Why Yoga Can Be Worse For Women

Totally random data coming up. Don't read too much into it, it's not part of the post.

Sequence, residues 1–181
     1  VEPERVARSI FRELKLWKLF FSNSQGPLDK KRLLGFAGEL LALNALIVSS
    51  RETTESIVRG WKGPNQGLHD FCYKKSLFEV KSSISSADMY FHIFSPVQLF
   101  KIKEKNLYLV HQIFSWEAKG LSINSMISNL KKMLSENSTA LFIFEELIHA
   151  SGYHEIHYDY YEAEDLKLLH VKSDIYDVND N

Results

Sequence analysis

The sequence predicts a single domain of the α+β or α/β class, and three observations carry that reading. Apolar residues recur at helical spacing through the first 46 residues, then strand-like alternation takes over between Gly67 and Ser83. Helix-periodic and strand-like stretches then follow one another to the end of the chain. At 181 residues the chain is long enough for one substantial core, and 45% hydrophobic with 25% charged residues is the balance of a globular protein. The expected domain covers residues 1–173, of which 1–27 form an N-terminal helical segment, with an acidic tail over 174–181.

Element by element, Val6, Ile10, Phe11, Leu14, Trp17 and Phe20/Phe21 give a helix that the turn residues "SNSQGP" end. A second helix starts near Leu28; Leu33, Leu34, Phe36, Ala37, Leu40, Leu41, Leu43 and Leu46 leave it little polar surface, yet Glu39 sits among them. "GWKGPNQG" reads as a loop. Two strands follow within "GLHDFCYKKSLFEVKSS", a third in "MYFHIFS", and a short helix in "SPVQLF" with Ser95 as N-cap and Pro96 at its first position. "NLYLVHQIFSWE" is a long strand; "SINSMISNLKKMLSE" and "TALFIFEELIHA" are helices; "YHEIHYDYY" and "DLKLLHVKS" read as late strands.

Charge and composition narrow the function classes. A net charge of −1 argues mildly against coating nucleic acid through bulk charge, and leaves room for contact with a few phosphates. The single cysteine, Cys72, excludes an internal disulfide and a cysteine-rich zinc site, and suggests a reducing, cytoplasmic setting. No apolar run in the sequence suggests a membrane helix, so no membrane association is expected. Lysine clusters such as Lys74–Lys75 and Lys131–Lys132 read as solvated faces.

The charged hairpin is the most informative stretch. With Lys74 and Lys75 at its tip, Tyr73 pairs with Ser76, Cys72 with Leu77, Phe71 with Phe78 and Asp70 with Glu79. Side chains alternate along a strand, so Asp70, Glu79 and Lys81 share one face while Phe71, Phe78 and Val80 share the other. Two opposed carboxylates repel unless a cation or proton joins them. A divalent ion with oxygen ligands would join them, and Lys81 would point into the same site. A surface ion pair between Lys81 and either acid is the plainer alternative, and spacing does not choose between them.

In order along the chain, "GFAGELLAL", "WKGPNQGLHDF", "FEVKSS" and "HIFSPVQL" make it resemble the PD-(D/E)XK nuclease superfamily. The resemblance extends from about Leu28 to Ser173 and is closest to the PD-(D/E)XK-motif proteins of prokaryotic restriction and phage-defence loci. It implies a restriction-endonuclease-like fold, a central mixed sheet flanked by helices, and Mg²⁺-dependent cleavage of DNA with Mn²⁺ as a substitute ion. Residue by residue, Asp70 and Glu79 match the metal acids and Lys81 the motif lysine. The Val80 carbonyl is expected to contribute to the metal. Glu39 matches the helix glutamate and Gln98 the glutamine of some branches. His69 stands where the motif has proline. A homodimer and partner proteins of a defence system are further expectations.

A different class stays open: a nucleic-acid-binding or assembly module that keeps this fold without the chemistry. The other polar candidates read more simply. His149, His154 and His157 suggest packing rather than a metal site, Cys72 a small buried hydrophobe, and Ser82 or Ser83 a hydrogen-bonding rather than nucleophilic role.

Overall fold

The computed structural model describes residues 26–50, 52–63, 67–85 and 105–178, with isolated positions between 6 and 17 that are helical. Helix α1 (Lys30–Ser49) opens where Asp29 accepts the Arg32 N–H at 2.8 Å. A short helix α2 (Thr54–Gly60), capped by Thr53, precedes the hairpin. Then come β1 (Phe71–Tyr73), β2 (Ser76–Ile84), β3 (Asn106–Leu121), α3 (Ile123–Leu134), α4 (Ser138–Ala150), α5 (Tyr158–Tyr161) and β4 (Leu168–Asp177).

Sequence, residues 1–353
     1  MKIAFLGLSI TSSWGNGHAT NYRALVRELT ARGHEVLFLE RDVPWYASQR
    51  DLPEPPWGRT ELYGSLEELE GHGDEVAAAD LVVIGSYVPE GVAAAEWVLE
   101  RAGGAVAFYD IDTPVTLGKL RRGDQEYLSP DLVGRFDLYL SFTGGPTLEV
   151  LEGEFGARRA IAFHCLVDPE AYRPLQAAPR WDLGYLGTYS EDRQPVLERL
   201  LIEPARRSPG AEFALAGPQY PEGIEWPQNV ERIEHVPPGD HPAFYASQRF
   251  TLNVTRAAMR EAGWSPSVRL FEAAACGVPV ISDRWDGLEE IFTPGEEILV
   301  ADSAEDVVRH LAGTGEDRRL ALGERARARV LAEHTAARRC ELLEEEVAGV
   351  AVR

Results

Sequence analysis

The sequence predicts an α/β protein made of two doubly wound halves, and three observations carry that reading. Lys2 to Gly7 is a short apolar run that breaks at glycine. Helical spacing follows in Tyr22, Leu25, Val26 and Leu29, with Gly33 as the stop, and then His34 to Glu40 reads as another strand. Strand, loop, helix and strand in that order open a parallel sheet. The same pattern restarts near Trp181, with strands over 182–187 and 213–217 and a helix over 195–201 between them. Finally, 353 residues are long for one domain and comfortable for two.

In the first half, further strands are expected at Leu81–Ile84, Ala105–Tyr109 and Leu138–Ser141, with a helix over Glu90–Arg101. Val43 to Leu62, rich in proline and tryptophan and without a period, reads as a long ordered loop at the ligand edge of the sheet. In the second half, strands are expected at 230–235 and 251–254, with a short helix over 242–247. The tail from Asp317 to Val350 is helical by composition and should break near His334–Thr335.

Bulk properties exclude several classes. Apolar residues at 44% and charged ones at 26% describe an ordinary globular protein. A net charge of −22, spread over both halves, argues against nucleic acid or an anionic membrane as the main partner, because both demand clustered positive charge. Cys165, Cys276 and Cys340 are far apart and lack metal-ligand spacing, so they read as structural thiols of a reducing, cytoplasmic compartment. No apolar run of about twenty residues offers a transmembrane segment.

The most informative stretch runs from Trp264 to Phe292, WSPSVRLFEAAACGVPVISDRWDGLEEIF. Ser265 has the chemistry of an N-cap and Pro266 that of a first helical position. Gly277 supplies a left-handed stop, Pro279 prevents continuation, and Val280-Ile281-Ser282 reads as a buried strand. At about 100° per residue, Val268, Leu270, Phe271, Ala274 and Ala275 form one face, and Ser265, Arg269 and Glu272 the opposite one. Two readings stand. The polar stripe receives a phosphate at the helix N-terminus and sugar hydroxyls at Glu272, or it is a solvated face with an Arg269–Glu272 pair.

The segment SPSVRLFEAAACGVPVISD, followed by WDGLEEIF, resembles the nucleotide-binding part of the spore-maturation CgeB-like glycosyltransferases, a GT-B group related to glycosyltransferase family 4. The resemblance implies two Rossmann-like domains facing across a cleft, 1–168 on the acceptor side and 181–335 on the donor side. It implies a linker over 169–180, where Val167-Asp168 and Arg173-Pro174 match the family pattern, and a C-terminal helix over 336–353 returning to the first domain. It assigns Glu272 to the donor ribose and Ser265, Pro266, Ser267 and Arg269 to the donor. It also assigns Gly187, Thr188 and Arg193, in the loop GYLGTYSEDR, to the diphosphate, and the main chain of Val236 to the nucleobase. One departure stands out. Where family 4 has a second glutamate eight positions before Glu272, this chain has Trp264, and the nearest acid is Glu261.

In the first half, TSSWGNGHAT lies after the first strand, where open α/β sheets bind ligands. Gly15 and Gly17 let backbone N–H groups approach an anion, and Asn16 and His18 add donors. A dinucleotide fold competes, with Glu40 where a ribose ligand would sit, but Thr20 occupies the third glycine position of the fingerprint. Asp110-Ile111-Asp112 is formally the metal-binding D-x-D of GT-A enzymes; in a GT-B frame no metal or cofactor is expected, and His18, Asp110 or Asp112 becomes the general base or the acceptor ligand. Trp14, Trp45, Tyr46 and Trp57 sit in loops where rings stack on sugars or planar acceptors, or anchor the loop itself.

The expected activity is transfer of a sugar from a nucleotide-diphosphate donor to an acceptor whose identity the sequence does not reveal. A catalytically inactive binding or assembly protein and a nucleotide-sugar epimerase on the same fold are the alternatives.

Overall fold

William J. Broad, a science reporter for The New York Times and the author of “The Science of Yoga: The Risks and the Rewards,” has much to say, unsurprisingly, about yoga. Most of it is good: “The bending, stretching and deep breathing can renew, calm, heal, strengthen, lift moods, lower the risk of heart disease, increase flexibility and balance, counter aging and improve sex. In short, the benefits are many and commonplace while the serious dangers tend to be few and comparatively rare.” But some is not. Writing in the New York Times, Broad says he once assumed that the relative lack of flexibility in men’s bodies put them at greater risk than women for injury from yoga, but now, his opinion has changed. Broad says he learned from yoga teacher Michaelle Edwards that women’s elasticity can be a liability when extreme bends result in serious wear and tear on hips. That claim was supported, says Broad, by several orthopedic surgeons he spoke with, and who reported that extreme leg motions could cause the hip bones to repeatedly strike each other, leading over time to damaged cartilage, inflammation, pain and crippling arthritis. Yikes! Read more in the New York Times.